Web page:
Thank you for a such a very warm welcome across the Diocese of Oxford during my tour of every deanery.  We began in Abingdon back in December and finished in Henley on 20th July.

Each day began with a Eucharist for the clergy of the deanery followed by lunch and dialogue together.  That means I met with most of the clergy of the diocese – well over 500 in total.  Every afternoon was spent in community visits: to schools, food banks, community cafes, a prison, RAF Brize Norton, farms, a flour mill, two factories, a job centre, and some really imaginative community projects.  In the early evening I shared a simple supper and conversation with about a dozen lay leaders from across the deanery and met around 350 people in that way.

Each day ended with an open evening gathering for all who wanted to come together across the deanery.  At these gatherings we prayed together, I gave a short address and the floor was open for questions.  If you missed it, you can find a recording of the Aylesbury gathering here.

We didn’t keep an exact count but I guess about 3,000 people came to those meetings.  We were standing room only in Henley after moving to a much larger space.  The questions ranged widely over all that is happening in the Church and the world and the kind of Church we are now called to be.

All in all the tour has been a wonderful introduction to the Diocese of Oxford and I’m grateful to all those who made it possible – especially our lay chairs and Area Deans – and to all those who gave up time to be there.

My aim in this initial year has been very simple: to begin to get to know the Diocese and begin to be known.  We’ve also begun to shape and discern together a common vision for the future.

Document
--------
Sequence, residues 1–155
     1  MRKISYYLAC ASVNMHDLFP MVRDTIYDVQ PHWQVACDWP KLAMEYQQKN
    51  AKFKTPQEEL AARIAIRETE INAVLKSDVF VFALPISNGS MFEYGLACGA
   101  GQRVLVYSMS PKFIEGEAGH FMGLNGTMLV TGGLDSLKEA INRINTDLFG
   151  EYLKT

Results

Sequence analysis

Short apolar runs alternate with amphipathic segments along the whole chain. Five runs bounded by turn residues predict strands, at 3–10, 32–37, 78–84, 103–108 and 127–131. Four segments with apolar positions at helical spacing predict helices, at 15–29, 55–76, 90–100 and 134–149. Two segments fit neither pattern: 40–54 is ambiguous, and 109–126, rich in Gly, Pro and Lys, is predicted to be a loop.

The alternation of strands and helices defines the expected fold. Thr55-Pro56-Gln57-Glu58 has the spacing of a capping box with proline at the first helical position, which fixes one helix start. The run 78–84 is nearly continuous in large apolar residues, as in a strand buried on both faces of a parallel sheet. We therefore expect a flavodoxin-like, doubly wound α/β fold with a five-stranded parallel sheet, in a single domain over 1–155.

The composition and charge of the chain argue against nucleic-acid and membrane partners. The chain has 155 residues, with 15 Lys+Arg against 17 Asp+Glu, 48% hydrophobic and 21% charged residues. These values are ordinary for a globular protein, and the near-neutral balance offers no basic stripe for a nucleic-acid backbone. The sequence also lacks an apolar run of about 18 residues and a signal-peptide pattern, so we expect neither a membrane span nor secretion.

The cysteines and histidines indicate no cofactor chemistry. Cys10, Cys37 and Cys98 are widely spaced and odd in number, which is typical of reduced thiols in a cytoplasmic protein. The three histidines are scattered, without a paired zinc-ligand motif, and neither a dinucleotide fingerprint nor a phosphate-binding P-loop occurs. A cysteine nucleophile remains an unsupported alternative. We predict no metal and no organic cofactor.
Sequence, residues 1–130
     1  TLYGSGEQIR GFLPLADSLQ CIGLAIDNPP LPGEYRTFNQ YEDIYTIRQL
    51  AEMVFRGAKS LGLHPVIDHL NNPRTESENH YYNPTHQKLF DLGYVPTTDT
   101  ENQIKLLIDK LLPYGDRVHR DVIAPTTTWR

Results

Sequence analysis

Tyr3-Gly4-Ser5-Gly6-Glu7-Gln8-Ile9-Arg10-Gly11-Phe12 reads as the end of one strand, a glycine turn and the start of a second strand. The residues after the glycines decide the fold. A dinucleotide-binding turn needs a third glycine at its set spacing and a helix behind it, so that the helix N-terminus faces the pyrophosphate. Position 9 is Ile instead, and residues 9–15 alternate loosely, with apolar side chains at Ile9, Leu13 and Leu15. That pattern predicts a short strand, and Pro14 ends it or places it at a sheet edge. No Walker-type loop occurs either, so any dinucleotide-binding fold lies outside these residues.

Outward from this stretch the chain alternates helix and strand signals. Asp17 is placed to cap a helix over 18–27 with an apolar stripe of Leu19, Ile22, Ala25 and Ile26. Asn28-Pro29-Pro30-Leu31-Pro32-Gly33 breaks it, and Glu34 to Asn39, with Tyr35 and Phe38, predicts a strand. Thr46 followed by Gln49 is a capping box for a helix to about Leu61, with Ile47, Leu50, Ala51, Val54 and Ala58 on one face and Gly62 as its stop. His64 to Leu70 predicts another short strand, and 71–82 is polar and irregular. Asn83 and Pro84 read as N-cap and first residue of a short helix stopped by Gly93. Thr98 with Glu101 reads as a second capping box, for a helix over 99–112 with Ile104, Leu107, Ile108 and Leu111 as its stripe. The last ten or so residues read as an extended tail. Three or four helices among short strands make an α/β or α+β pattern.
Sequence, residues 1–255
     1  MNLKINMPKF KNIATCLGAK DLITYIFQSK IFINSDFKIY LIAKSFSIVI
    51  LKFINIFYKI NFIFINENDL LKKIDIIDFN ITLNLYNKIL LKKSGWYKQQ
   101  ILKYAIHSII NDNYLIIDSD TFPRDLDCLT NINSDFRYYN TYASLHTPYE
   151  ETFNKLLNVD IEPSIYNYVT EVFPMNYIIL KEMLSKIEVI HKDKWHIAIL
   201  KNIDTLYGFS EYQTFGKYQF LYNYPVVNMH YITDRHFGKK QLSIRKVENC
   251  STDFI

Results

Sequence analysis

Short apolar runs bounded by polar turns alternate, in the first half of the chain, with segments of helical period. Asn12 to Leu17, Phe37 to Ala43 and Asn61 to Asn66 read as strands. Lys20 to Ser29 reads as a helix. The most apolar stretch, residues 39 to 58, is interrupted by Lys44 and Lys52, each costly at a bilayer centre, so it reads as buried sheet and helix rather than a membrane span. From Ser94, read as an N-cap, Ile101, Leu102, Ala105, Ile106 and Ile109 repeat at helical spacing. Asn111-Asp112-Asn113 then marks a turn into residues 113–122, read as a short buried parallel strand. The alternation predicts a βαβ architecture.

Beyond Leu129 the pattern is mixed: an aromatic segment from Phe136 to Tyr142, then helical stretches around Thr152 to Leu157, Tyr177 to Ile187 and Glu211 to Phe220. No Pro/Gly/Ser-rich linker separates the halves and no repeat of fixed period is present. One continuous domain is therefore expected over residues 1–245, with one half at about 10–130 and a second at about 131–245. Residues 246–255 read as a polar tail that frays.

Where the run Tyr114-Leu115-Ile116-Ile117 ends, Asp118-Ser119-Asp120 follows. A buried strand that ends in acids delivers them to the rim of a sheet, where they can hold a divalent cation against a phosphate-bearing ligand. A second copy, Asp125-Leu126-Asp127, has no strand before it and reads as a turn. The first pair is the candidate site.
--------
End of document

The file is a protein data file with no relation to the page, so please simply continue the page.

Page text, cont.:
In almost every deanery evening I have shared my very deep sense of God’s call to us to become a more Christ-like Church in this next period of our life together and for this to be our shaping vision for the Diocese of Oxford.  I have returned again and again to the Beatitudes in the Gospel of Matthew as the source of that vision: the call to the Church to be poor in spirit, mourning for the suffering in the world, meek, hungry for justice, full of mercy and kindness, peacemaking, pure in heart and willing to bear the cost of our discipleship.  We have tried to summarise all of this vision in just three words: a call to be a more contemplative, more compassionate and more courageous Church across this Diocese as we move forward.

In this next year, I am asking every deanery and benefice, parish and small group, every school, every chaplaincy and every church organisation to think about these themes and consider what it means to be more contemplative, more compassionate and more courageous in the life of the church as the next stage of developing that common vision.

We will be developing some resources to help this process and there will be Development Days and other events in each Area.  More details are on the website.

But at the heart of this is a very simple call to reflect again on what it means to be a Christ-like church: to return to the source and to the centre of our faith – to read the beatitudes, to reflect on them and to live them together

+Steven Oxford